While in rehab, she was also forced to contemplate the insidious effects her drinking might have had on her family. All four of her kids came up to visit during family week. "We played this game," she says. "The alcoholic stands there, and the others put you in a statuelike stance to express how they see you. My children put me in a chair with my arms up and my fists like this." She strikes the pose of a champion middleweight. "I had spent all my life being the perfect wife, mother, community leader, nurse, chef, whatever. So, of course, I was the strong one. And I wanted out of that chair. Absolutely. I didn't want to have that relationship with my kids."

Another long pause. "I don't know how not to be formidable," she eventually adds. "I'd love it if I were not so in charge. But I don't know any other way to be."

Richards and her husband divorced just a few years later. Today, the governor is seeing Austin-based sportswriter Bud Shrake. "In a couple," says Ivins, "it adds a lot of pressure when one sobers up and the other keeps drinking. And David, bless his heart, was there for political purposes for I don't know how long while the marriage was quite over. He's a terrific guy."

This morning, Ann Richards is sitting in the sun-saturated library of the Young Women's Leadership School in East Harlem, fielding questions from high-school seniors.

"Have you ever thought of running for president?" asks a girl in a ponytail.

"Truly, I have not," says Richards.

"Because I read in a magazine that women can't be president," says the girl. "Because they get their periods."

Richards's large-caliber eyes get even wider. "Well, I don't believe I'd take that magazine anymore." The teachers in the room laugh. The girl persists.

"No, no. Because, like, if you get your period, you might do a wrong decision."

"So," says Richards, folding her arms, "do you think having your period affects the brain?"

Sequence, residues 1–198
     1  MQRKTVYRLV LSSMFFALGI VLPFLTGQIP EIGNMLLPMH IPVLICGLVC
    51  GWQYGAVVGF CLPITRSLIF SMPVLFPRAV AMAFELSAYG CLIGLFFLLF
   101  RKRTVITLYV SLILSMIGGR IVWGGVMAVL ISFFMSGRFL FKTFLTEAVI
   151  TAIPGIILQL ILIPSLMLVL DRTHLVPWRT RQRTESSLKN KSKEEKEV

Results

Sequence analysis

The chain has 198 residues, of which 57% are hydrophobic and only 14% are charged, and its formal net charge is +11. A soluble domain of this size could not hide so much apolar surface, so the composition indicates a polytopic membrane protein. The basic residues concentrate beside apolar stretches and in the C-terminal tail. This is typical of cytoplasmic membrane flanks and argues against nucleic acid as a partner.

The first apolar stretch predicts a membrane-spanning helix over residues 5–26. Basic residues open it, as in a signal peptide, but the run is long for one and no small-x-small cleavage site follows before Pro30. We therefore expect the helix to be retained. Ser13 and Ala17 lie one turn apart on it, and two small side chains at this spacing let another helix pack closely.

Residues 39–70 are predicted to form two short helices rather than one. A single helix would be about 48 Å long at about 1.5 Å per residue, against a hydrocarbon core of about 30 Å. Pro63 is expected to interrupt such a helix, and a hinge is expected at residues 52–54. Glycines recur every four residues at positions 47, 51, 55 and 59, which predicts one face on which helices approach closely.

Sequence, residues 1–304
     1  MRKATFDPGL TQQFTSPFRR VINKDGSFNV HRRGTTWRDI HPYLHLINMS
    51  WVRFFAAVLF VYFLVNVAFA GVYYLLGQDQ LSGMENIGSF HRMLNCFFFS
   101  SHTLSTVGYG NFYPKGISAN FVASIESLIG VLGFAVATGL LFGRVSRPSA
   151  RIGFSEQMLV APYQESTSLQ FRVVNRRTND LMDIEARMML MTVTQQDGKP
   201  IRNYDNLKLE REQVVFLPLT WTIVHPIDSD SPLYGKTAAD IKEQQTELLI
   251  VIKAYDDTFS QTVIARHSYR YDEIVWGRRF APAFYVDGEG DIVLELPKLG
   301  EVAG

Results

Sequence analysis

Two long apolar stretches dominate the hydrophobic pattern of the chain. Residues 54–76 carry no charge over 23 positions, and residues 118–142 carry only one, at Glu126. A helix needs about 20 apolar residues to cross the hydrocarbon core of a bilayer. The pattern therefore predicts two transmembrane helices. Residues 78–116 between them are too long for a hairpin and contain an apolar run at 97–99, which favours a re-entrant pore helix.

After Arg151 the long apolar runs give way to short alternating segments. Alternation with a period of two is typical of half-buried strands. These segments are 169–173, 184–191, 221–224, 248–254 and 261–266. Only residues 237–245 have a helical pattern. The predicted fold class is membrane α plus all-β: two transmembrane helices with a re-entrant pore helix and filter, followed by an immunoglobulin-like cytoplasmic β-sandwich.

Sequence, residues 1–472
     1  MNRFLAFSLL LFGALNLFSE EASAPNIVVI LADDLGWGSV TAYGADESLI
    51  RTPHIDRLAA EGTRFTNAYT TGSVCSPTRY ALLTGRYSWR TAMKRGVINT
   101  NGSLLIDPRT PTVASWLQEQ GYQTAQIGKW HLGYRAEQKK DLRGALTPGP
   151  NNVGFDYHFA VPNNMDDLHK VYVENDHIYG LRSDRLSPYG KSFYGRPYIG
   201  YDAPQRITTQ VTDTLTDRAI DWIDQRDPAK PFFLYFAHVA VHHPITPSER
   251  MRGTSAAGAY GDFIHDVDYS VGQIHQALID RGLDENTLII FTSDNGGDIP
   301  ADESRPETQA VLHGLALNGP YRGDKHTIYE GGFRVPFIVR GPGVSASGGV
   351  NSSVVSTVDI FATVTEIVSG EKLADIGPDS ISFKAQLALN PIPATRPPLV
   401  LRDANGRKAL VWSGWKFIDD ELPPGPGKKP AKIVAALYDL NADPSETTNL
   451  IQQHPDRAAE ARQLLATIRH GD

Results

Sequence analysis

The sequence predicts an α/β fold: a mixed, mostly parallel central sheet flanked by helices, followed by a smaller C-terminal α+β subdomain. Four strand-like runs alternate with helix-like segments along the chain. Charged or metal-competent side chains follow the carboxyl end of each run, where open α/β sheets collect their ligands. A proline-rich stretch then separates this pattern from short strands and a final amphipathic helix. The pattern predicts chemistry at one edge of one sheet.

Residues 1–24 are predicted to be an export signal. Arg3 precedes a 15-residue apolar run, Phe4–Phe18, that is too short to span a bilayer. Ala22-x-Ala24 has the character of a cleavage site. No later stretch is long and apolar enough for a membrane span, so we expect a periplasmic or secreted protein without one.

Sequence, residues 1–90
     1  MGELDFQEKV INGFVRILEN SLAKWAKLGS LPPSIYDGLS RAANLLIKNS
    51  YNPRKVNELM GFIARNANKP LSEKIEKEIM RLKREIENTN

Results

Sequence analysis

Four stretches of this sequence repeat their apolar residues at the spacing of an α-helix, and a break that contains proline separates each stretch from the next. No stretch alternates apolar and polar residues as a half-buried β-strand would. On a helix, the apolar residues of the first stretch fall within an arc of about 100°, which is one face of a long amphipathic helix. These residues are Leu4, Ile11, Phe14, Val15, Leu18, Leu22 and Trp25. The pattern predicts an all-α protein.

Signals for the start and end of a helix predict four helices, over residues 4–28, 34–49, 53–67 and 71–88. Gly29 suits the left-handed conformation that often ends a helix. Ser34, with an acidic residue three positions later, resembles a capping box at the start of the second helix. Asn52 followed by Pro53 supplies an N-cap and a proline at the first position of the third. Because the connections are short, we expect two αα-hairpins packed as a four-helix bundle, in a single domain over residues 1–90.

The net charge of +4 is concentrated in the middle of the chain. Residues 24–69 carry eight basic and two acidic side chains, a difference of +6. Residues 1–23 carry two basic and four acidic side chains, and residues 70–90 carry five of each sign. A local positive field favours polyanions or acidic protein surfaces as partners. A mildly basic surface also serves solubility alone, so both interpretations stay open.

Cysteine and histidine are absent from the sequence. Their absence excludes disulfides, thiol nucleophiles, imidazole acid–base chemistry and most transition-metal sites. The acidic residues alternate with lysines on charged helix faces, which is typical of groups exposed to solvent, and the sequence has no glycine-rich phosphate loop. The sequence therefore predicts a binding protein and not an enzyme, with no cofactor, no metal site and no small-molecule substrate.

"No," the girl answers.

"Has it affected your brain?"


"It hasn't affected mine either," she says. "I think Hillary Clinton gets a period."

The girls sit and consider this.

"In a way," she says, "it's interesting you raise that question. Because people will use a lot of excuses to keep women down. Reaaaally stuuuupid stuff."

She looks around the room.

"When I was your age, my God -- the only thing I could think of was gettin' married, havin' a family, havin' a little house with a dog and a cat," she says. "It worked that way. But it's not what I thought it was gonna be. And I want you to know, I love children -- I've got four of 'em, and seven grandchildren now. But I also have a life other than raising children. Those babies are cute as they can be, but they are booooooooring. You know, it just consists of spoonin' the applesauce in the mouth. Spoonin' the cereal in the mouth. Cha-ange the diaper. Pa-at the back. Pray that it will sleep for a little while.

"When the opportunity came along for me to run for office, it was really a startling thing," she continues. "I realized I was the one who was gonna have to work. I was gonna have to put the money in the bank. And thank God I realized that.

"Because now," she says, smiling broadly, "I have enough money. I can travel all over the world and see wonderful things. And," she adds, thumping her fist softly on the desk in front of her, "I can move to New York when I'm 68 years old."